In a country with the highest incarceration rate in the world, there are so many examples of how we limit liberty by coming down far too harshly on crime. Much of this was an overreaction to the get tough on crime movement of the 1980's that still plague us today.

Three Strikes Laws

Matt Tabbai:
"Despite the passage in late 2012 of a new state ballot initiative that prevents California from ever again giving out life sentences to anyone whose 'third strike' is not a serious crime, thousands of people – the overwhelming majority of them poor and nonwhite – remain imprisoned for a variety of offenses so absurd that any list of the unluckiest offenders reads like a macabre joke, a surrealistic comedy routine."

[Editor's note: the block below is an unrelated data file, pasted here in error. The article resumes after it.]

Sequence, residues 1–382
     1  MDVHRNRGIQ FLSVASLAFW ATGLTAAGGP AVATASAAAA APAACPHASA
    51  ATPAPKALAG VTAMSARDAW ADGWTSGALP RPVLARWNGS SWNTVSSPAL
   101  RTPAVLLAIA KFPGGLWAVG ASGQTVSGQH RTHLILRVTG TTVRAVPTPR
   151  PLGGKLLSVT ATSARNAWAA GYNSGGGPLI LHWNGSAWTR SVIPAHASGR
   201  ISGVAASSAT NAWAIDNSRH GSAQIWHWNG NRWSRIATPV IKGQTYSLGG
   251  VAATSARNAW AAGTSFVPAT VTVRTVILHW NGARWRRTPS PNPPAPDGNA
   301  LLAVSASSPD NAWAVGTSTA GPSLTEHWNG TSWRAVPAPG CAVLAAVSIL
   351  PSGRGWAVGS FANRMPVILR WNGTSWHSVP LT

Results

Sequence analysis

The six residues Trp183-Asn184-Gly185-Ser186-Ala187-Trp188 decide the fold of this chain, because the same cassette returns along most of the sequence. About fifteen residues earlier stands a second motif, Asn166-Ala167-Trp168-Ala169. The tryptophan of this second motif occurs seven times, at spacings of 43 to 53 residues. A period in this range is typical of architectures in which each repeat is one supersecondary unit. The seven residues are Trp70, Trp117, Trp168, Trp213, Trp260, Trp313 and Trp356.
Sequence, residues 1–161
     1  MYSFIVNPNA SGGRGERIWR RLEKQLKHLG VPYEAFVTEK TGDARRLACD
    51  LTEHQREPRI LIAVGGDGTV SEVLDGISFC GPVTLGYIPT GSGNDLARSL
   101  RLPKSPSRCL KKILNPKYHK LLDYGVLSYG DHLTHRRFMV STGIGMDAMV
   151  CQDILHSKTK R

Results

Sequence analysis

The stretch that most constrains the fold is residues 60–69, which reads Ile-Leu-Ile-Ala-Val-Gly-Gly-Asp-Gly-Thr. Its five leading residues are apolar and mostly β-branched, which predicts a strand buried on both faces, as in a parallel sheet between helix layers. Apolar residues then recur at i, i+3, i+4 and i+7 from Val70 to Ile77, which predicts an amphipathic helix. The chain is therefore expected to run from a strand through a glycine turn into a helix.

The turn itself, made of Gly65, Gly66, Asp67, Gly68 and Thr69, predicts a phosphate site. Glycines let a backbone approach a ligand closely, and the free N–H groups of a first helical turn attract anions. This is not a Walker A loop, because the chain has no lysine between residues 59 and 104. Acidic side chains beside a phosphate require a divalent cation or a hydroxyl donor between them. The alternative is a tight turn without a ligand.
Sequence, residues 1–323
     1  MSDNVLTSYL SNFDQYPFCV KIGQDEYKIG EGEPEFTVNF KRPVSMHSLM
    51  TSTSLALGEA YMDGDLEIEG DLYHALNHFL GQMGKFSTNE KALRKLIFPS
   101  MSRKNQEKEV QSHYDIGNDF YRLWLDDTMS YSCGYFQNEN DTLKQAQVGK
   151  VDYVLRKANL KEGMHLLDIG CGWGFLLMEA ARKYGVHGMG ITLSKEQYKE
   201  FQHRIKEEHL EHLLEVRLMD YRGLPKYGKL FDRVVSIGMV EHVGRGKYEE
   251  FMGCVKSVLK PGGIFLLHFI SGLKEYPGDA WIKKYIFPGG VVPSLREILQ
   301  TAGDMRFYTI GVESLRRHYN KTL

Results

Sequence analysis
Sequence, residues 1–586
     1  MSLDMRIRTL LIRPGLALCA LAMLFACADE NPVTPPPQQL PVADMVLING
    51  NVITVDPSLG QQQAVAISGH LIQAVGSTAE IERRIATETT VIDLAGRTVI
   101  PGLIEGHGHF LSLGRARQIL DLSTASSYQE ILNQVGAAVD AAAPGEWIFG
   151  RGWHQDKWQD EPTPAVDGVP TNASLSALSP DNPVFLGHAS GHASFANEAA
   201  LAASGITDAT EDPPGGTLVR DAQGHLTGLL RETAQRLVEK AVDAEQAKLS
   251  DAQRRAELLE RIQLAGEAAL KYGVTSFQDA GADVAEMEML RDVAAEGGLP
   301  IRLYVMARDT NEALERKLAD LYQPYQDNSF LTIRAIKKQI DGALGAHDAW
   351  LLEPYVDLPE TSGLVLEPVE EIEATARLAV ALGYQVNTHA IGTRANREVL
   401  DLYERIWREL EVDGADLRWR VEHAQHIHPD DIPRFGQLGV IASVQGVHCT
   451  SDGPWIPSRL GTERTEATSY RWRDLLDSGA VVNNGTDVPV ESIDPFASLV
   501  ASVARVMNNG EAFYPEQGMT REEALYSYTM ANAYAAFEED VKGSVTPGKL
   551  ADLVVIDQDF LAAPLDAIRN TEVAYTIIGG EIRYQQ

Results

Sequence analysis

"Like wars, forest fires and bad marriages, really stupid laws are much easier to begin than they are to end. As the years passed and word of great masses of nonviolent inmates serving insanely disproportionate terms began to spread in the legal community, it became clear that any attempt to repair the damage done by Three Strikes would be a painstaking, ungainly process at best. The fear of being tabbed 'soft on crime' left politicians and prosecutors everywhere reluctant to lift their foot off the gas pedal for even a moment, and before long the Three Strikes punishment machine evolved into something that hurtled forward at light speed, but moved backward only with great effort, fractions of a millimeter at a time."
The War on Drugs

This is an interesting one because drug addiction can cause enormous damage to an individual afflicted, but to think the solution is to lock up people, primarily poor people of color, for minor drug offenses is not the way to stop it... Well, it's like trying to protect liberty by limiting it. And it has had devastating affects. After spending $1 trillion fighting the war, we are left with this: